Dongyeon Lee introduced his brand new app Sellege—an exclusive college marketplace—in an email to Boston College students with one simple phrase: “You have asked for it, so I made it for everyone!”
Sellege is the first college marketplace platform at BC where users can exclusively interact with other undergraduate and graduate students at their college or university, according to Lee, co-founder of the app and CSOM ’22.
Lee got the idea for Sellege last summer after experiencing privacy and organizational issues when attempting to shop for furniture for his room at BC on other platforms, including eBay, Facebook Marketplace, and BC class Facebook pages, he said.
“I was looking through and I realized that it’s really hard to find what you need,” Lee said. “It’s just a jumble of information with textbooks, sublets, and announcements all jumbled together in one page with no organization.”
Sellege seeks to address these shortcomings by allowing students to filter listings based on their needs. Some of the categories sellers can choose from include furniture, textbooks, clothing, and lease sublets. Users can also sort the available listings by price, user rating, or likes, Lee said.
When creating a Sellege account, users are prompted to enter an official college email address, which verifies that they are a student and immediately places them into their specific school’s community page.
“I realized that it would be great for students if there were some sort of organized place where you know that the people who are selling are from your school so that you feel safe when you meet them,” Lee said.
While Sellege is entirely anonymous, users can share their name and information with others through the messaging feature when they are coordinating the logistics of a sale, Lee said.
“The reason why I made it anonymous is because those class pages can be a little bit judgmental sometimes, where you don’t feel comfortable, you know, telling the entire world that you’re selling something,” Lee said.
When designing Sellege, Lee said, inclusivity was his top priority.
“One of the reasons why I really felt compelled to do this was because I want to make school communities very inclusive and non-judgmental,” Lee said.
In addition to the main marketplace, Sellege also features a college page, which functions as a bulletin board where students can post announcements, ask questions, and meet other students.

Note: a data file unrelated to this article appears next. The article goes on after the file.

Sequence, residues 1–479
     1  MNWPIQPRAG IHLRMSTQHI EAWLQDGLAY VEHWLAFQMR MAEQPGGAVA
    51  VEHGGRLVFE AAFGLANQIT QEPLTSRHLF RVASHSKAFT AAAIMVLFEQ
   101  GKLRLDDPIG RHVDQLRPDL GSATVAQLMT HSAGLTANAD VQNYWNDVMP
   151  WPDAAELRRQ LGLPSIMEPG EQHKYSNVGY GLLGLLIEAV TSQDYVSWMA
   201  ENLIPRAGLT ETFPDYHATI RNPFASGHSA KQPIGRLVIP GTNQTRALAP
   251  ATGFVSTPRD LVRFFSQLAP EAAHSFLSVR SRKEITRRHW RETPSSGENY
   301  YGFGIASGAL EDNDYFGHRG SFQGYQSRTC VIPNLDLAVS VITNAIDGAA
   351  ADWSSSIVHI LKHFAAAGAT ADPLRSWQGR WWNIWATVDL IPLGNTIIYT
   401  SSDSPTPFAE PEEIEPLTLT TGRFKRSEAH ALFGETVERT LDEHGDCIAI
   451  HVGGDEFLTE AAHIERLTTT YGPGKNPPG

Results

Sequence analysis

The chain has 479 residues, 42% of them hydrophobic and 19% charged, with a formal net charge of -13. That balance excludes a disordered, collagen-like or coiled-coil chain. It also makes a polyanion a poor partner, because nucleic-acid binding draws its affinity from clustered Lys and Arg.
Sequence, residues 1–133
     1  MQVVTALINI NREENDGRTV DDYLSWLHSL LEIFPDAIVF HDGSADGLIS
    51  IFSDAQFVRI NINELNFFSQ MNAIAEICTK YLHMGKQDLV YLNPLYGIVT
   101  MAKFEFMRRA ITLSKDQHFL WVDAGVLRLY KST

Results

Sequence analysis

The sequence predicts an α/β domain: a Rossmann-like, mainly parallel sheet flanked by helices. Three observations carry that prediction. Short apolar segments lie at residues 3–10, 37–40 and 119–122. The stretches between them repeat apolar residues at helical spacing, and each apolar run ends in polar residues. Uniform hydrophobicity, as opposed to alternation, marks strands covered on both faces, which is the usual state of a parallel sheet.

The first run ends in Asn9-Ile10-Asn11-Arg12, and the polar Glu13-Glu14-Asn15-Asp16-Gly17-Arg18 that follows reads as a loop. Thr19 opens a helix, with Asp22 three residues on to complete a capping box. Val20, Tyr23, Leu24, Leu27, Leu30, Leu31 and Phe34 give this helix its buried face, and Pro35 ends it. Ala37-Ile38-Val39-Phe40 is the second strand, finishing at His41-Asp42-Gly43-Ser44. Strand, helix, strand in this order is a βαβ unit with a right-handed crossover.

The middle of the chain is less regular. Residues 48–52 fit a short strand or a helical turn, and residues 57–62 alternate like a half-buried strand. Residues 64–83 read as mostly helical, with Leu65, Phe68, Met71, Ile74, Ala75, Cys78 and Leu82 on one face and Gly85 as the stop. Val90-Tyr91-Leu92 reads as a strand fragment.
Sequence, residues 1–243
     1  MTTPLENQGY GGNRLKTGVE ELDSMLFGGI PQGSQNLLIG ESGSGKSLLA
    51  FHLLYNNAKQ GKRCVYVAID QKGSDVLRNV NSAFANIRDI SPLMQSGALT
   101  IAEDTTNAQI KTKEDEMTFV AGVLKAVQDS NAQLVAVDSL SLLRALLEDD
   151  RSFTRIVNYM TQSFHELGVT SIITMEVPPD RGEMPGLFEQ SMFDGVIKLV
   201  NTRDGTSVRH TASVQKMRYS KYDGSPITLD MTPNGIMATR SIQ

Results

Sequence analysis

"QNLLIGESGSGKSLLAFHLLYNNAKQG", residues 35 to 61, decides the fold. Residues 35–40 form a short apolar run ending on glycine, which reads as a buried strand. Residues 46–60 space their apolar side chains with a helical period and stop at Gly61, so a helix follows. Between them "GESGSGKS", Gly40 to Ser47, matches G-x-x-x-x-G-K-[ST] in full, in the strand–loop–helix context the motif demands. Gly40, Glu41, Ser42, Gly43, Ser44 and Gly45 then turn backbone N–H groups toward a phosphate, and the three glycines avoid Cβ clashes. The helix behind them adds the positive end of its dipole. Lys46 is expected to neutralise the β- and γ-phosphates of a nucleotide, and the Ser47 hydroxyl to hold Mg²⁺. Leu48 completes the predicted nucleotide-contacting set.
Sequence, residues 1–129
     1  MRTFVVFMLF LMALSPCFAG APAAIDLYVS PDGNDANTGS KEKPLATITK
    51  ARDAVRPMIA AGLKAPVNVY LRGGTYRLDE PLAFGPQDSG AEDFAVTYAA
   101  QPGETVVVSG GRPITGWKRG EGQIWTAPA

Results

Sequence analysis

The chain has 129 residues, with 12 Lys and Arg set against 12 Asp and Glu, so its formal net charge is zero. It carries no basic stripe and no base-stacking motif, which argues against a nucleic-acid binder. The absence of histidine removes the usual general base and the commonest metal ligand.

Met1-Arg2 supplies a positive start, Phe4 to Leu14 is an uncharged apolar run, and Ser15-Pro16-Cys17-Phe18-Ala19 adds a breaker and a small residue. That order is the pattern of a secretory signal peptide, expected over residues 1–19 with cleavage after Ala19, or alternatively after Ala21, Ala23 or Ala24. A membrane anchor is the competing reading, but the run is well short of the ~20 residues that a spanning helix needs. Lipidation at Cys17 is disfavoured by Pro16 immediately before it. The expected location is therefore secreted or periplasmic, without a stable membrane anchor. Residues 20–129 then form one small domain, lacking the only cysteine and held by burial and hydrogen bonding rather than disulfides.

“It can be as simple as, ‘What are some good restaurants around campus?,’ or asking other students for professor recommendations,” Lee said.
Lee said he co-founded the app with his friends Dustin Lee and Sophie Park who work on coding and graphic design, respectively. Sellege experienced a successful launch at both of his co-founders’ schools—the University of Michigan and the University of Southern California—among others, Lee said.
While the team has primarily focused on marketing the app to their own schools so far, Lee said he hopes to ramp up marketing efforts in other areas soon, as the app is already available for student use at over 2,000 colleges and universities.
Just over two weeks after its launch, BC students have taken to Sellege to share listings for everything from off-campus parking spots to chemistry textbooks to a guitar.
Sellege was also recently nominated for the Best New Mobile App by Best Mobile App Awards, which judges apps based on usefulness, uniqueness in the market, user interface, design, and overall quality, according to its website.
Lee said that while the launch process has taken a lot of time and hard work, he and his co-founders are excited for the future of Sellege.
“I think the perk of startups is just that nitty gritty work that you have to do in the beginning,” Lee said. “I have to be resilient and that’s kind of difficult at times, but, you know, I truly do believe that resilience will pay off in the end.”
Featured Graphic by Eamon Laughlin / Heights Editor